ACKNOWLEDGMENTThe authors would like to thank Prof. Zhipeng Wu and

    Prof. Ali Rezazadeh, for all their help and support.

    REFERENCES[1] H. Labiod, Wi-Fi, Bluetooth, Zigbee and WiMAX / by H. Labiod, H.

    Afifi, C. De Santis. Dordrecht: Dordrecht: Springer, 2007. [2] M. Aqeeli, Zhirun Hu, Cahyo Muvianto, “A 6.72GHz Low-Phase-

    Noise Voltage Controlled Oscillator Adopting Metal-Oxide-Metal Capacitors Using 130nm CMOS Technology” the 2013 Fifth International Conference on Computational Intelligence, Communication Systems and Networks, pp.101 – 106, 2013.

    [3] M. Dousti, F. Temcamani, J. Gautierassoud, “A Fully Differential Low Phase Noise and Extra Linear VCO Design in SiGe BiCMOS Technology,” 3rd International Conference on Information and Communication Technologies, 2008.

    [4] D. Cordeau, J-M. Paillot, L.A. Dascalescu, “5-GHz fully integrated full PMOS low-phase-noise LC VCO,” IEEE Journal of Solid-State Circuits, vol. 40, pp. 2087 – 2091, 2005.

    [5] X. Tang, F. Huang, M. Shao, Y. Zhang “A wideband 0.13�m CMOS LC-VCO for IMT-Advanced and UWB applications,” IEEE MTT-S International Microwave Workshop Series on Millimeter Wave Wireless Technology and Applications (IMWS), 2012.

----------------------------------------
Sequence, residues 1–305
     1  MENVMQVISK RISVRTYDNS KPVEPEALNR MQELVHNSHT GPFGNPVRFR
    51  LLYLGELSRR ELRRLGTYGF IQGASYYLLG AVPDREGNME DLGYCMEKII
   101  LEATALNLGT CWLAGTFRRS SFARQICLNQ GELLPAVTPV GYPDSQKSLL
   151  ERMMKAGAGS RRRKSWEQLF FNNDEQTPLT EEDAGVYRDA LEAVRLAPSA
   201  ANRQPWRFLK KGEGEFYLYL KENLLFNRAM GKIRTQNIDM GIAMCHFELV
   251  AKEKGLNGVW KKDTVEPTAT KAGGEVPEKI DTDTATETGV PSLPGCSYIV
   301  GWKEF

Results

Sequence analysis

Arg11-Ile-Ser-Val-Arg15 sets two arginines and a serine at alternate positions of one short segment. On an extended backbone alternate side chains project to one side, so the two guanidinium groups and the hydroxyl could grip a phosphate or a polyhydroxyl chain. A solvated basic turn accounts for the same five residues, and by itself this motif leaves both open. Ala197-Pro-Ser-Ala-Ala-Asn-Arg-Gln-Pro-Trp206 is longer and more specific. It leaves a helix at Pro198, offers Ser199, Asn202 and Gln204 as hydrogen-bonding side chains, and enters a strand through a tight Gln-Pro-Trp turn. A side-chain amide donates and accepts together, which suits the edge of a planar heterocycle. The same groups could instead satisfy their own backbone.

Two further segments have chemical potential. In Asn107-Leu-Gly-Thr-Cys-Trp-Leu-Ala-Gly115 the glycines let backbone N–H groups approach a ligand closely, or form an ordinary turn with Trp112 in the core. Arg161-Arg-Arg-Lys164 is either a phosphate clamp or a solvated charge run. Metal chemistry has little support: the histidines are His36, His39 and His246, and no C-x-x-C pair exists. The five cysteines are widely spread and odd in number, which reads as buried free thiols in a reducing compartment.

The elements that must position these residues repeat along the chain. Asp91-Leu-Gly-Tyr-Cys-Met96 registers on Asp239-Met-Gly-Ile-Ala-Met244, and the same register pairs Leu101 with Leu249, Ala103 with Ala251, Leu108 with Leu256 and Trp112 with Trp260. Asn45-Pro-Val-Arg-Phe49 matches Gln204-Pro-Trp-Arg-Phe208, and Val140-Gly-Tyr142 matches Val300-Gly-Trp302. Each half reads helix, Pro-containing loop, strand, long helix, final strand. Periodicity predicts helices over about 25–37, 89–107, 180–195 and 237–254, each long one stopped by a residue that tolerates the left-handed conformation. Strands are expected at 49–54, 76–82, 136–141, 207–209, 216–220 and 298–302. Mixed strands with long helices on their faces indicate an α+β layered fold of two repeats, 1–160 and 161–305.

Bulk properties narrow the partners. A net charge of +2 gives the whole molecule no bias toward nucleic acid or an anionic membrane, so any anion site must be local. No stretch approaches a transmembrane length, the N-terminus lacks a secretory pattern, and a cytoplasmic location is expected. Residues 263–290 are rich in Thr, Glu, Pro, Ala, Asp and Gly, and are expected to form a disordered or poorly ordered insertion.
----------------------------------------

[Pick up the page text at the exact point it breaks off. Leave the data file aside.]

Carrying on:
[6] Marc Tieboud, “Low power VCO design in CMOS,” Berlin, Heidelberg, Netherlands: Springer, 2006.

    [7] D. B. Lesson, “A simple model of feedback oscillator noise spectrum,” Proceedings of the IEEE, vol. 54, no. 2, Feb. 1966.

    [8] D. Ham and A. Hajimiri, “Concepts and methods in optimization of integrated LC VCOs,” IEEE Journal of Solid-State Circuits, vol. 36, no. 6, pp. 896–909, 2001.

    [9] B. Soltanian, H. Ainspan, R. Woogeun, D. Friedman, and P. Kinget, “An Ultra Compact Differentially Tuned 6 GHz CMOS LC VCO with Dynamic Common-Mode Feedback,” IEEE Circuits Conference in Custom Integrated, CICC ’06, pp. 671-674, 2006.